• How do you feel if you have this feature?
  • How would you feel if there was more of…?

(requesting a response based on a positive, or functional, situation)

  • How do you feel if you do not have this feature?
  • How would you feel if there was less of…?

(requesting a response based on a negative, or dysfunctional, situation)

The answers are chosen from this range of responses:

  • I like it
  • I expect it
  • I am neutral
  • I can tolerate it
  • I dislike it

Evaluating the responses from the kano model questionnaire

Based on the responses, you can figure out which of the five Kano feature categories closely aligns with each feature investigated. You do this by looking at the combination of answers to see how they score against this marking table:


Site Source:

You can even add in a third question, which was an additional measure about how important a feature is (suggested by John Hauser of MIT, to help prioritize the order of important results).

Ask how important it is for the product/service to have a specific feature, and provide a Likert scale for responses. For example,

In general, the results from the kano model questionnaire will provide you with:

  • A sense of how your features are perceived in terms of usefulness and functionality.
  • How urgently these features are needed

How to apply kano analysis results to your business

There are several ways you can apply kano analysis to your business to improve customer satisfaction levels:

Improve your products and services

You could start off using kano analysis with this simple five-step method:

  • Gather feature ideas: Collect existing feature ideas or create ideas for features that you think you would like to implement in your products or services.
  • Conduct a kano model survey assessment for each: Use our tutorial section to get started.
  • Apply the Kano feature categories to each feature in question: Using your customer results and your judgment, take each feature and classify these according to the five categories of must be, performance, attractive, indifferent and reverse.
  • Position the features on the kano graph to see what features would work best, and where there are quick wins.
  • Look at the features by category group and work on how you can improve your product or service (you want to look at how each category can be positively productive to the product or service).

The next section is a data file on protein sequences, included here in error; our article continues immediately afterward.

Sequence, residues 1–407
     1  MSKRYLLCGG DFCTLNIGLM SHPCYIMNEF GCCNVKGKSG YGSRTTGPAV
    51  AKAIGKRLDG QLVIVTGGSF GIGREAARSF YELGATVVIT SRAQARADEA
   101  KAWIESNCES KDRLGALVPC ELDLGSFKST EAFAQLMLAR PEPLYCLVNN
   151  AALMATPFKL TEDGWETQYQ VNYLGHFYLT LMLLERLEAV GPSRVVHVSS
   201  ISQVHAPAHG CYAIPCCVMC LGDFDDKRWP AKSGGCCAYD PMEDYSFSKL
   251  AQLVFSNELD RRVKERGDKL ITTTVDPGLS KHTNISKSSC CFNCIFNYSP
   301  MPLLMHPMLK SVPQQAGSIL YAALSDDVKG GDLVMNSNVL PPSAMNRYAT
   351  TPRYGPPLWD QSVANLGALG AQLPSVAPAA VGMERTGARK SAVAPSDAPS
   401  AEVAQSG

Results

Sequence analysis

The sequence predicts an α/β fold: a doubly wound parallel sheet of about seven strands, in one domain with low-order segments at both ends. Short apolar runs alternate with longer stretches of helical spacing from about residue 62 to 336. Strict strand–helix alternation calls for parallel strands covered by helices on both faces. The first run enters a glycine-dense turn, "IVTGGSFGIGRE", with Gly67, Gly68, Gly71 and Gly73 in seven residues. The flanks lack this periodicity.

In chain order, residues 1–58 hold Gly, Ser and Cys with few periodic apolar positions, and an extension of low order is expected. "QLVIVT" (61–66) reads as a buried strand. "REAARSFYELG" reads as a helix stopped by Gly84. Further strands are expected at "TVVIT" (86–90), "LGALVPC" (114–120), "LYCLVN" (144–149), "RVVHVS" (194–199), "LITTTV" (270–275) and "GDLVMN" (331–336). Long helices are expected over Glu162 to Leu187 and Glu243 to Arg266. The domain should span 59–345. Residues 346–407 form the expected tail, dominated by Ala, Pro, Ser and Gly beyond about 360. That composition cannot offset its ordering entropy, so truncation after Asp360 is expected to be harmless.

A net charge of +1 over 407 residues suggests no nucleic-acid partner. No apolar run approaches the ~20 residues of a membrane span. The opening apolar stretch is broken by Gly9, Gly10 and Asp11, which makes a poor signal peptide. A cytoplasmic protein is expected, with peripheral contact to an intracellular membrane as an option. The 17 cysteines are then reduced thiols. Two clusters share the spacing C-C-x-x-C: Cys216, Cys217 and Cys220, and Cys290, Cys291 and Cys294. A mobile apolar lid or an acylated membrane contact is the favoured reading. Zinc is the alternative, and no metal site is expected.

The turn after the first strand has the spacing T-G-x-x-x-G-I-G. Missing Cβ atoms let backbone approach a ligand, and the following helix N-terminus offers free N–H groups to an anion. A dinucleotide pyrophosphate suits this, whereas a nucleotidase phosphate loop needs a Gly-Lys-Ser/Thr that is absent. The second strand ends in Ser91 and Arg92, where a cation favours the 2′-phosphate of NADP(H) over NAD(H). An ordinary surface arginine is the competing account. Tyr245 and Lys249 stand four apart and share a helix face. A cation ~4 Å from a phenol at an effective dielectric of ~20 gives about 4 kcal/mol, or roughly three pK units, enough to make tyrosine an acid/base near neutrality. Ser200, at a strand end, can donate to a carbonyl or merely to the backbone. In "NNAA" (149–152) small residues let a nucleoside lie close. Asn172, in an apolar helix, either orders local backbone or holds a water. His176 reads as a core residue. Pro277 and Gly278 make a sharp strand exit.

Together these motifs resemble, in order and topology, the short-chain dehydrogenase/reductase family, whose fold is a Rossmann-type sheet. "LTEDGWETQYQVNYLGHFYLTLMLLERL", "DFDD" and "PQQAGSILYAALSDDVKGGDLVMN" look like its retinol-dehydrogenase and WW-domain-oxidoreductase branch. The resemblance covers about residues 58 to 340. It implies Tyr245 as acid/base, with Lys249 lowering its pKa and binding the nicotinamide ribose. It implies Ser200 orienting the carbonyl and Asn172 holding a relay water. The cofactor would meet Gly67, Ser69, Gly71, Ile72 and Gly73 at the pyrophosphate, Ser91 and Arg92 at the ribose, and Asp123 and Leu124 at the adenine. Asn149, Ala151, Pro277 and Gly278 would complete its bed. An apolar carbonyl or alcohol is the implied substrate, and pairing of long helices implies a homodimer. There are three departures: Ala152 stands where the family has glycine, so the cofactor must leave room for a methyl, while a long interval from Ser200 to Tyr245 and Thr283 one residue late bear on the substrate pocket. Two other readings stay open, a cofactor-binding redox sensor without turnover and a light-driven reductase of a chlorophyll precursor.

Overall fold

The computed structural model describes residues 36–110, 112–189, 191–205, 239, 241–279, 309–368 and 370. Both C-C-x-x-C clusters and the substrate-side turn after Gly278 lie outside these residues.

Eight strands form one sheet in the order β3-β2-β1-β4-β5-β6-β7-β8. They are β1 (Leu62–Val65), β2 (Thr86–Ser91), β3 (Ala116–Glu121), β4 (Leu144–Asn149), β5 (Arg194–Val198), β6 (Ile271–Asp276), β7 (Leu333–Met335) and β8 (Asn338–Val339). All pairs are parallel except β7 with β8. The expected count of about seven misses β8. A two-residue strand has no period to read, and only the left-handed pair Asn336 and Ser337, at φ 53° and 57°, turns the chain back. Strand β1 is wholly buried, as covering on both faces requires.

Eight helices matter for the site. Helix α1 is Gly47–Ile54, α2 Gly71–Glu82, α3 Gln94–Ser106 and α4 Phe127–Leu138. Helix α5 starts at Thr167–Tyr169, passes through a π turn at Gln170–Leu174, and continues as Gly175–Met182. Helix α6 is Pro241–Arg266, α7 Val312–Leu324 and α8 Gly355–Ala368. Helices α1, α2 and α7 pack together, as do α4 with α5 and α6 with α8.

• For example, increase the number of excitement attributes while removing or softening the reverse features so they aren’t as offensive to different customer tastes. It’s good practice to get the basic features implemented and then focus on the ‘must be’ features to encourage competitiveness.

Persona traits emerge from kano results

Once you have the information about categories for each feature, you could align the likes and dislikes from the questionnaire to your marketing personas.

If there is overlap with the attitudes towards certain features (e.g. features that encourage recycling) and personas (e.g. a young demographic that is environmentally conscious), then you can update marketing messages to these groups and sell your features as benefits.

These features will likely be seen as attractive to aligned audiences, leading to you having a better chance of selling more products and services.

Benefit vs cost modelling

As you’ll have a prioritised list of features at the end of the five-step method, you could follow up your planning with a benefit and cost model for each feature.

This could help understand which features, if implemented, could create a high return on investment by increasing sales.

Knowing this will help inform your product development cycle, especially if time and money resources are short.

Using in conjunction with NPS or customer reviews or feedback

Net Promoter Score is a metric used in customer experience programs. NPS measures the loyalty of customers to a company. NPS scores are measured with a single-question survey and reported with a number from -100 to +100, and a higher score is desirable.

By creating positive features and increasing the customer’s satisfaction level towards a product or service, you can help your marketers to impact the overall NPS. Find out more about it.

Best practice advice and tips for Kano analysis

  • Choose the right features: It’s advisable to test up to 20 features with the kano model. More will make the questionnaire too long.
  • Choose the right customers: Choose a sample size that is representative of your customer segmentation, your market segmentation, and your target marketing personas. Don’t forget about diversity as well! Approximately 15-20 is a good size to go ahead with, as there will be a lot of data coming back to analyse.
  • Get the best data: Ensure you get the best responses by making sure your questions are clear. Give the draft questionnaire to another team member for a fresh pair of eyes on it.
  • Consider follow-on qualitative interviews: Alongside the kano model questionnaire, try to get the ‘why’ and context behind the responses with qualitative interviews.

How can Qualtrics help you carry out the kano model?

The Qualtrics XM platform can help product teams and marketers discover your customer emotions from kano analysis surveys and other methods:

  • Understand your customer results in minutes, with strong data analysis and dashboard features that group your feature categories automatically.
  • With your insights on customer responses, you can update other surveys for NPS or do further research, all from one place.
  • Get alerts and act faster when your customers are not satisfied by connecting all the internal team processes, and sharing the kano analysis results immediately with teams.
  • Repeat the questionnaire easily over time and see when your feature categories change over time and by which customer groups.
  • Add in contextual information from around the business, accessible through one single platform, to help you make decisions on prioritisation faster.